News / Africa

Uganda’s Batwa Reclaiming their Ancestral Forest as Tour Guides

A makeshift Batwa camp on the edge of Mgahinga National Park. December 11, 2012. (Hilary Heuler / VOA News)
A makeshift Batwa camp on the edge of Mgahinga National Park. December 11, 2012. (Hilary Heuler / VOA News)
20 years ago Uganda's Batwa, or pygmies, were evicted from the forest to make way for a national park. But now the impoverished Batwa are being allowed back as tour guides, showing hikers how they used to live, and making some money in the process.

Listen to:
Uganda’s Batwa Reclaiming Their Ancestral Forest as Tour Guides
Uganda’s Batwa Reclaiming Their Ancestral Forest as Tour Guidesi
|| 0:00:00

Standing in the rain under the dripping forest canopy, Hagumimana Kanyabikingi offers up a traditional hunting prayer. May we kill an animal, he chants, and not be killed ourselves.

Hagumimana Kanyabikingi in the forest of Mgahinga National Park, where he and his ancestors once lived. December 11, 2012. (Hilary Heuler / VOA News)Hagumimana Kanyabikingi in the forest of Mgahinga National Park, where he and his ancestors once lived. December 11, 2012. (Hilary Heuler / VOA News)
Hagumimana Kanyabikingi in the forest of Mgahinga National Park, where he and his ancestors once lived. December 11, 2012. (Hilary Heuler / VOA News)
Hagumimana Kanyabikingi in the forest of Mgahinga National Park, where he and his ancestors once lived. December 11, 2012. (Hilary Heuler / VOA News)
Kanyabikingi is a Batwa, or “pygmy”, and for centuries his ancestors lived here in the forested mountains of southwestern Uganda. They were evicted in 1991 with the creation of Mgahinga National Park, near the town of Kisoro.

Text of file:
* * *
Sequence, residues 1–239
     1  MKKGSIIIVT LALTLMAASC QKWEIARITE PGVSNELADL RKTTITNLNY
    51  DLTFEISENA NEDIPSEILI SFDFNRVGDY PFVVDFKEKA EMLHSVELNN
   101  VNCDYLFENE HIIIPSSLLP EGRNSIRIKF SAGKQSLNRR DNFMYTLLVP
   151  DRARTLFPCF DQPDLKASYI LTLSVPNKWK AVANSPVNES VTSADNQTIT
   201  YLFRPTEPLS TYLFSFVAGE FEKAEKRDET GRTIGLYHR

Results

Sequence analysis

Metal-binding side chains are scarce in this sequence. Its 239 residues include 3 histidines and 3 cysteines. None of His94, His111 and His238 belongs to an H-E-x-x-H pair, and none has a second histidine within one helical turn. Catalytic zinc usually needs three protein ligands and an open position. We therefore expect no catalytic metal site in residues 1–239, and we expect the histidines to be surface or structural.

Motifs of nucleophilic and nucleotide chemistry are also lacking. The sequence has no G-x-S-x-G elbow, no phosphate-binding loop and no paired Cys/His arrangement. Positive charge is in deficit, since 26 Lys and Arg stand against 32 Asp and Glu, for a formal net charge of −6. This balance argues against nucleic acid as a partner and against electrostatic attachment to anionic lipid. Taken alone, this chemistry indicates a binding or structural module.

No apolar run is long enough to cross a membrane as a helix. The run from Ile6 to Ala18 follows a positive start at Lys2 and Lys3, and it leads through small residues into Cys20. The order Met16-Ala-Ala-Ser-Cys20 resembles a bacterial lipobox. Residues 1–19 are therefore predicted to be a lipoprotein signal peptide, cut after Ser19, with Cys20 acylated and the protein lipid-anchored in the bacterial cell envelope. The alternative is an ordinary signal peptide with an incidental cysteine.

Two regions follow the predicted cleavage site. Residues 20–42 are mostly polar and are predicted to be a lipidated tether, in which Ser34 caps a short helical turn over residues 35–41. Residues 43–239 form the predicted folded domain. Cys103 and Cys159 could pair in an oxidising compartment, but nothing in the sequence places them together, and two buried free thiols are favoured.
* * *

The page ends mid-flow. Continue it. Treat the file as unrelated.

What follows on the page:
But now, the Batwa are being allowed to walk their old forest paths once again, as tour guides on the newly created Batwa Trail.

Pointing to the dense undergrowth, Kanyabikingi explains how they used to use strong vines to trap duiker and bush bucks, or hunt them with poison-tipped arrows.

Half the proceeds from the trail go to the Batwa themselves. The rest goes to the Uganda Wildlife Authority, or UWA, which had been looking for a way to attract tourists to the park.

As spokesperson Lillian Ngubuga explains, the family of mountain gorillas in Mgahinga comes and goes, and until recently they were living in neighboring Rwanda. “Which meant that we could not do gorilla tracking in Mgahinga any more, and for some time there wasn’t really much tourism activity going on in Mgahinga. Which meant that we needed to think of other ways of getting tourists to come and be interested in visiting. We needed something new, and this was really kind of like a God-sent idea. We are able to improve people’s livelihoods, but also it is helping us to generate funds for conservation and biodiversity management in the park,” she said.

For the Batwa as well, the money is badly needed. Since they were evicted, several hundred have been living in poverty in makeshift camps at the forest’s edge. They are unaccustomed to the ways of the outside world, says Penninah Zaninka, of the United Organization for Batwa Development in Uganda.